Journal of Business Ethics

, Volume 84, Issue 2, pp 151–164 | Cite as

Sustaining Employee Owned Companies: Seven Recommendations



The employee owned company (EOC) might be the ideal blend of capitalism and communitarianism that vitalizes the global economy. EOCs – based on the concepts of employee participation and control – have sprung up in the United Kingdom, some parts of the European Union, the United States, Japan, and the former Eastern Bloc countries. Research has shown that they are able to compete effectively with more traditional companies. However, in addition to the pressures of business competition, EOCs face two other key problems as they strive to survive: (1) degeneration and (2) human nature and the abuse of power. After introducing the idea of the EOC and describing briefly these two key problems, this article presents seven recommendations for sustaining employee owned companies. These recommendations – grounded in sound organizational theory and the writings of experts in the field of employee ownership – are offered as hypotheses to be examined empirically by future researchers.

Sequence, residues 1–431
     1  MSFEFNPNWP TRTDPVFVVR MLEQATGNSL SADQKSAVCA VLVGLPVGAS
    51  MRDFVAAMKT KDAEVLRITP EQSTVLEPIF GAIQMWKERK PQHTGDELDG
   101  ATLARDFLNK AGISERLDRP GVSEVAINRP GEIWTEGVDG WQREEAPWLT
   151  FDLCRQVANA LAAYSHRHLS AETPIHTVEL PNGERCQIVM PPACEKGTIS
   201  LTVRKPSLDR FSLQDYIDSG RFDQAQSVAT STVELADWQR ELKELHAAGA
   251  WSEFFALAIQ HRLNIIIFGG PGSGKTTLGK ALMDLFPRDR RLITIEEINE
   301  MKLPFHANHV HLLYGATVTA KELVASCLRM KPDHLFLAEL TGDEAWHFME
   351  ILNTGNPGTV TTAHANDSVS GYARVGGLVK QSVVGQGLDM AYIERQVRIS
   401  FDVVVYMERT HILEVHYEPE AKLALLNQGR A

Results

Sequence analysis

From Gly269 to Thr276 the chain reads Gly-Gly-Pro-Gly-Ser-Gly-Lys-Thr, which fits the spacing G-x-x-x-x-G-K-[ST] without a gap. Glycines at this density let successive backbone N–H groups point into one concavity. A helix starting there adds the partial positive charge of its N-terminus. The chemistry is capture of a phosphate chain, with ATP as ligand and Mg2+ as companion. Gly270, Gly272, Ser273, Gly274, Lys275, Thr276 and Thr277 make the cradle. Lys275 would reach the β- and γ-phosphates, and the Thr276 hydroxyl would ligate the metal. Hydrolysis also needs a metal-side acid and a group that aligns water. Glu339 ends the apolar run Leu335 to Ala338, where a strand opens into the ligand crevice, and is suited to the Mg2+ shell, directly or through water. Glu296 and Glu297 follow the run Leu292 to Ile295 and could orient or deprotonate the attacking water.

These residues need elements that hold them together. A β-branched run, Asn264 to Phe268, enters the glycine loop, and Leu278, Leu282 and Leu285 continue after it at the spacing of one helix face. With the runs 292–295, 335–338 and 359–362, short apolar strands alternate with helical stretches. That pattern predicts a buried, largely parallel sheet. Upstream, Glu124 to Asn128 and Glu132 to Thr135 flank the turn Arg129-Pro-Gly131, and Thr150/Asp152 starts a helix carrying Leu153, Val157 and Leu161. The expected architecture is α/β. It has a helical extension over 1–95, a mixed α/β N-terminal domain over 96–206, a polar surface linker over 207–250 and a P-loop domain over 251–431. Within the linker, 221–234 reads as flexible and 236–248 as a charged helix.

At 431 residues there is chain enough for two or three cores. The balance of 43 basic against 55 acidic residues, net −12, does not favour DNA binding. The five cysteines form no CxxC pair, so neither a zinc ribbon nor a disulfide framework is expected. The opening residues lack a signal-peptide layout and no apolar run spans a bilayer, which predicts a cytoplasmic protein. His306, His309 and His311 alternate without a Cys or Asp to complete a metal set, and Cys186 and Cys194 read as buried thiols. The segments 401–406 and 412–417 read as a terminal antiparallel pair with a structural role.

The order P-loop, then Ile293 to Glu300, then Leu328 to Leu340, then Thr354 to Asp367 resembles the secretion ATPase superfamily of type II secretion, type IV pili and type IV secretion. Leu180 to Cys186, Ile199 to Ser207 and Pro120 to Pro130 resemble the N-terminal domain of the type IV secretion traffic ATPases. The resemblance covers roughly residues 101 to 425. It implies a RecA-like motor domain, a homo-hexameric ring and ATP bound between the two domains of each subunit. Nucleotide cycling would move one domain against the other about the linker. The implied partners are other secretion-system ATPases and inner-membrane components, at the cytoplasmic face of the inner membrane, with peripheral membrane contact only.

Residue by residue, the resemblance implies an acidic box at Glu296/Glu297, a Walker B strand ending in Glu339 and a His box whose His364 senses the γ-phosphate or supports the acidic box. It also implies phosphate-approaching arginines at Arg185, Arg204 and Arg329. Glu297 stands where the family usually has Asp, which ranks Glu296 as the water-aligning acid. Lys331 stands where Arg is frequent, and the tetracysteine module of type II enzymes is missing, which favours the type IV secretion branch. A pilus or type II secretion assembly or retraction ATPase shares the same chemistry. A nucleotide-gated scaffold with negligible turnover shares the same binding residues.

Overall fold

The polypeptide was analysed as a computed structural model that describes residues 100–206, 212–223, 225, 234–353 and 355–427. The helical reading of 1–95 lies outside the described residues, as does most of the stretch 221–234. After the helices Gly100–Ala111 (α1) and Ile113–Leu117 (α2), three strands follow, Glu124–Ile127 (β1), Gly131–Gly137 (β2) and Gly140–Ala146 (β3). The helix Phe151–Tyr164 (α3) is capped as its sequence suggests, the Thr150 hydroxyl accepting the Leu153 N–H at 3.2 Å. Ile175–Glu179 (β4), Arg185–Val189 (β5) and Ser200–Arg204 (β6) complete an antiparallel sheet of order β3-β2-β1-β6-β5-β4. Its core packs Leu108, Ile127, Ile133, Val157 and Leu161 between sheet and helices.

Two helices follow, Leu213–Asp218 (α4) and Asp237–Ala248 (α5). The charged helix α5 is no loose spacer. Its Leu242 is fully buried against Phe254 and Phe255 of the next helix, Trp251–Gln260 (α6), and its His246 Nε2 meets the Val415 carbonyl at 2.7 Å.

employee control employee ownership employee participation employee share ownership plan foundational values industrial democracy organizational culture self-managed work teams servant leadership value based management 


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Copyright information

© Springer Science+Business Media B.V. 2008

Authors and Affiliations

  1. 1.College of BusinessAuburn UniversityAuburnU.S.A.

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